The first order condition for an optimum is that the derivative at that point is zero. To determine whether that optimum is either maximum or minimum, you must find the second derivative, which is the derivative of the first derivative.

The second order condition states that:

  If the second derivative is negative, then itÊs a maximum  If the second derivative is positive, then itÊs a minimum

Examples:

• 1. π = 100Q - Q 2

First derivative: d π /dQ = 100 -2Q To find the optimum point, set the first derivative as equals 0.

dπ /dQ = 100 -2Q = 0

Therefore Q = 50 To determine whether Q = 50 is a maximum or minimum, find the second derivative. The second derivative is -2, thus implying that Q =50 is a MAXIMUM.

• 2. π = 50 + 5X 2 dπ/dX = 10X = 0 Therefore X = 0 The second derivative is 0, implying X = 0 is a MINIMUM.

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### 2.3.3 Optimisation in More-than-One Variable Case

Economic relationships usually involve several independent variables. For example: the production of shoes requires materials, machine and labour; while the demand for shoes depends on price and income. In this case, we use Partial Differentiation. A partial derivative is like a controlled experiment – it holds the „other‰ variables constant. Assume quantity, Q = f (P, I). If price is increased, holding the disposable income constant then the partial derivative of Q with respect to price is Q/P, holding income constant. Similarly, the partial derivative of Q with respect to income is Q/I, holding price constant.

Example:

Assume Sales is a function of advertising in newspapers and magazines (X, Y) and it is given in the following relationship:

Max S = 200X 100Y 10X 2 20Y 2 + 20XY

To find the optimum, differentiate the above with respect to X and Y and set them equal to zero:

S/X = 200 – 2 – 0X + 20Y= 0 S/Y = 100 – 40Y + 20X = 0

Then, solve for X & Y and Sales:

• 200 – 20X + 20Y= 0

• 100 – 40Y + 20X = 0

Adding them, the 20X and +20X cancel, so we get 300 - 20Y = 0, or Y =15

Plug into one of them: 200 20X + 300 = 0,

hence X = 25

To find Sales, plug into the equation: S = 200X + 100Y 10X2 20Y2 + 20XY =

3,250

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SELF-CHECK 2.3
1.
Find the derivatives of the following:
(i)
TC = 50 + 100Q  6Q 2 + .5Q 3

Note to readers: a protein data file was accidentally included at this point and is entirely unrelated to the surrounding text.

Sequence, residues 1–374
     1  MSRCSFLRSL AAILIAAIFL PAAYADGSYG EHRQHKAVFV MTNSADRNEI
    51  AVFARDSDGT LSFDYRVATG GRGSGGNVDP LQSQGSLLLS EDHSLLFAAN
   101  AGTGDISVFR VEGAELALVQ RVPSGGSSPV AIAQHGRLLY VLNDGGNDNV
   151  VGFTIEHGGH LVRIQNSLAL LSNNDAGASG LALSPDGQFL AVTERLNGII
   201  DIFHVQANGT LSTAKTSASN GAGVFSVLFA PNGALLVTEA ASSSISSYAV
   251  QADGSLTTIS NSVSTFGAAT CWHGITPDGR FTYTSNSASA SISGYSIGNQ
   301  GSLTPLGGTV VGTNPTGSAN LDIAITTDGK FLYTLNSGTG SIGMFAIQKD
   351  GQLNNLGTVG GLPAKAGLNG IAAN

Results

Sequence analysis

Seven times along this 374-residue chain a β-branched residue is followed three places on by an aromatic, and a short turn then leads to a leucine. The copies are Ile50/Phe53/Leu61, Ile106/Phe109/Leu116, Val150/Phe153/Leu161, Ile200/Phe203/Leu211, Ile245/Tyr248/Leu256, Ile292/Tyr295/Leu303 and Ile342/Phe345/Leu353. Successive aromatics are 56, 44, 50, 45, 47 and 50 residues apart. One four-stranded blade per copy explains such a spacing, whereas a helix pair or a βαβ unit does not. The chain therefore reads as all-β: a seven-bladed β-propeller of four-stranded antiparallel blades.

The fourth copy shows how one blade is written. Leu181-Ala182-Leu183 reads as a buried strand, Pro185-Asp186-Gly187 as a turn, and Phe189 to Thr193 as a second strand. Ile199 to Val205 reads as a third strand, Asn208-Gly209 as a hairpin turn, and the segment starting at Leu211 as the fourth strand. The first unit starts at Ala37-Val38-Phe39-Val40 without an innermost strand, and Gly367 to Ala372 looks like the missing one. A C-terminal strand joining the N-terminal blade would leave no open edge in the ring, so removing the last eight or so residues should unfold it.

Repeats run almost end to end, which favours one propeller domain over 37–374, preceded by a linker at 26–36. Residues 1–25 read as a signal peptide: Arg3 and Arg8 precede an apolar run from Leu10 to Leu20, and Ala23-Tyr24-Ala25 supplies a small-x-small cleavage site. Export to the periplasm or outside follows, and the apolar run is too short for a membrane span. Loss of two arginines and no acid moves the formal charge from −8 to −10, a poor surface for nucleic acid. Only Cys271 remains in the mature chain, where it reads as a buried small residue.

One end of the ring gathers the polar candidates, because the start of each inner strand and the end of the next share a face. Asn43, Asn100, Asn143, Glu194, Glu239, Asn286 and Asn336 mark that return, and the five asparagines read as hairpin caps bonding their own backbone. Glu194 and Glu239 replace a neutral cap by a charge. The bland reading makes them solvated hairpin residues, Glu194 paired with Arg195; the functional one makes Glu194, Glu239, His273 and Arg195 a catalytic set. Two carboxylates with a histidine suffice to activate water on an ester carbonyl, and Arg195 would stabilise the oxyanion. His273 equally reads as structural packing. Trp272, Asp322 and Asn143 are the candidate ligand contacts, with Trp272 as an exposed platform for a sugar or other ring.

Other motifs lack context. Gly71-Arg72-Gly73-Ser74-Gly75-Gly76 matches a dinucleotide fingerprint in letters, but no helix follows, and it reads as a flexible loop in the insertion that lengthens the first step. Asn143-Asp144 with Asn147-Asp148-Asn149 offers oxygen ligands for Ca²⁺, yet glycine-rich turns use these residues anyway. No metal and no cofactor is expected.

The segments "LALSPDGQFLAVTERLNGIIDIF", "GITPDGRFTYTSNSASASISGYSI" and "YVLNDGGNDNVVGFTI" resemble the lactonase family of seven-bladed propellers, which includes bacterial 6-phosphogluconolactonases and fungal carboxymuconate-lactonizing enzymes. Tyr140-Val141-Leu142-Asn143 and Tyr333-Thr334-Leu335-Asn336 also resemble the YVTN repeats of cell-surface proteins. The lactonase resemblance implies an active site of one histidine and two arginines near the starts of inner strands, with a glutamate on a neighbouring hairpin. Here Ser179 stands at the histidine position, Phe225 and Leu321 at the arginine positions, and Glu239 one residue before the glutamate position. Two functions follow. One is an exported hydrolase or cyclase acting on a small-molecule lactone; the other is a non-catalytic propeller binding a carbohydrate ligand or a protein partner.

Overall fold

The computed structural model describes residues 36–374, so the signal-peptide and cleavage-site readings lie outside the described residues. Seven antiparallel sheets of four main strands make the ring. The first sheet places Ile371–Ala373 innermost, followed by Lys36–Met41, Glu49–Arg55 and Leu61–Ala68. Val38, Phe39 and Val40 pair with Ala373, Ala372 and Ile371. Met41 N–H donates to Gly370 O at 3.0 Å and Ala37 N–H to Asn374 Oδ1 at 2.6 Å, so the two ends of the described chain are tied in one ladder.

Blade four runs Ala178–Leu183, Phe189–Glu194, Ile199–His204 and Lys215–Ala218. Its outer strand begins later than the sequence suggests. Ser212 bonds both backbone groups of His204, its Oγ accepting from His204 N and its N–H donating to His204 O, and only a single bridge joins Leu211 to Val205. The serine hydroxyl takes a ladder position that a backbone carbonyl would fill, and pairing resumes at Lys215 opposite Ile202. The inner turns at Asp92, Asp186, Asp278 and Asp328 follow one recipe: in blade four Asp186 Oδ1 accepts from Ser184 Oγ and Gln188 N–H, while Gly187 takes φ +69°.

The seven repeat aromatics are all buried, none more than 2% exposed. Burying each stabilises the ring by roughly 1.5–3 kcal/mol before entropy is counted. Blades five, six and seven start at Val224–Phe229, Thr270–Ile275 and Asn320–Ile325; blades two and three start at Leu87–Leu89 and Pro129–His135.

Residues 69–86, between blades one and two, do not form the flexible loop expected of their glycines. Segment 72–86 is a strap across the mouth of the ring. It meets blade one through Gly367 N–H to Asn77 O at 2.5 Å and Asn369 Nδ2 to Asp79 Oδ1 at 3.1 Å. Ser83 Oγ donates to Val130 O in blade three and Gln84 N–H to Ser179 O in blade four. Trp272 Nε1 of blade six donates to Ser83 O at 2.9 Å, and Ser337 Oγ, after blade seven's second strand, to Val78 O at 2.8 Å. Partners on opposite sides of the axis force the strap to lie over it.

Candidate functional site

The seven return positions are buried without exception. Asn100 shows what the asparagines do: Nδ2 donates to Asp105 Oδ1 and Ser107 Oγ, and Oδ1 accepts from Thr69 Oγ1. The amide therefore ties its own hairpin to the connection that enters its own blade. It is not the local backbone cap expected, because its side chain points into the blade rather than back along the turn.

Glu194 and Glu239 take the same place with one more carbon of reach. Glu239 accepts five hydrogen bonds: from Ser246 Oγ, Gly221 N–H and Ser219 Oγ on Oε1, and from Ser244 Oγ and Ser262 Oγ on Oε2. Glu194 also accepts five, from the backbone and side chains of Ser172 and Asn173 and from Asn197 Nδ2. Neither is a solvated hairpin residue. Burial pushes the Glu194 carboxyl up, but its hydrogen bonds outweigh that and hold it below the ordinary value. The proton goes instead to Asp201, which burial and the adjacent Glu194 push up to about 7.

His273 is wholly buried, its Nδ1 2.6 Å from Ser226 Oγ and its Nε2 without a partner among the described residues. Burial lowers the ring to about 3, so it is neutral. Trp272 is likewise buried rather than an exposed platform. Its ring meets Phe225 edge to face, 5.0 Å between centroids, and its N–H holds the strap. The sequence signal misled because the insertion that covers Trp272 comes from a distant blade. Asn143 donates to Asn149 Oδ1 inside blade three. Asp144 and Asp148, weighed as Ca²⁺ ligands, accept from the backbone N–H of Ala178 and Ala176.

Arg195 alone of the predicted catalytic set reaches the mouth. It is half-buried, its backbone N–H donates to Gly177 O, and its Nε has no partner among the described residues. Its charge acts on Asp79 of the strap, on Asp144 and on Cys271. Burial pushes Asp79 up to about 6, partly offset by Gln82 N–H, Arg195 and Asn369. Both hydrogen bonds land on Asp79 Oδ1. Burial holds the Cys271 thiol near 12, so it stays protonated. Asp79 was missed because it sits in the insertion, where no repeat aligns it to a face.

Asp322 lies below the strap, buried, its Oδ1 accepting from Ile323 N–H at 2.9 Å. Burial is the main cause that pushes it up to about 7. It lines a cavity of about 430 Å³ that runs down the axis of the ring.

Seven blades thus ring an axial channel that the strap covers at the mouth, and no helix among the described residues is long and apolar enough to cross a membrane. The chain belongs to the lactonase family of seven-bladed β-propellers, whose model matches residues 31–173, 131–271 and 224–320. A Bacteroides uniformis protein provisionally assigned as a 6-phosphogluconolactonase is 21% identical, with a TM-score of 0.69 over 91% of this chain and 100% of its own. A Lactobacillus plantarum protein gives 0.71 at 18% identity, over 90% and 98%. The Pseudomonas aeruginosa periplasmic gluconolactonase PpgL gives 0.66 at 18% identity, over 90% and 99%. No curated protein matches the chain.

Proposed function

(ii) ATC = 50/Q + 100  6Q + .5Q 2
(iii)
(iv)
MC = 100  12Q + 1.5Q 2
Q = 50  .75P
(v)
Q = .4X 1.5
2.
Given Y = -2X 2 + 20X  20,
(i)
Find the optimal value of X.
(ii) Is this a maximum or a minimum?
3.
Suppose Q = 2000 + 15Y  5.5P, find the optimal values of Y, P
and Q.
2.4

### CONCEPT OF NET PRESENT VALUE

To find managerial decision rules that maximise shareholdersÊ wealth over a long period of time, you must consider the present value of the benefits as well as the present value of the costs. The net present value is the difference between the present values of all the benefits and costs. When the net present value is positive, then the decision improves shareholdersÊ wealth.

Present value recognises that a dollar received in the future is worth less than a dollar in hand today, because a dollar today could be invested to earn a return. To compare monies in the future with today, the future dollars must be discounted by a present value interest factor, PVIF = l/(l+i), where it is the interest compensation for postponing receiving cash by one period. For dollars received in n periods, the discount factor is PVIF n = [l/(l+i)] n

.

What will be the present value of \$500 to be received 10 years from today if the discount rate is 6%?

 PV = \$500 {1/(1+.06) 10 } = \$500 (1/1.791) = \$500 (.558) = \$279

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  Net Present Value, NPV = Present value of future returns minus initial outlay. This is for the simple example of a single cost today yielding a benefit or stream of benefits in the future. For the more general case, NPV = Present value of all cash flows (both positive and negative ones). Example: A project with an initial cash outlay of \$40,000 with the following cash flows for five years. The firm has a 12% required rate of return. Year In-flows Out-flows Net Cash flows (NCF) Initial outlay 40,000 -40,000 1 50,000 36,000 14,000 2 51,000 38,000 13,000 3 51,000 38,000 13,000 4 52,000 40,000 12,000 5 52,000 41,000 11,000 The present value of the NCFÊs is \$47,678. Subtracting the initial cash outlay of \$40,000 leaves an NPV of \$7,678. NPV>0, therefore we accept.  NPV Rule: Carry out all projects that have a positive net present value. By doing this, the manager will maximise shareholder wealth.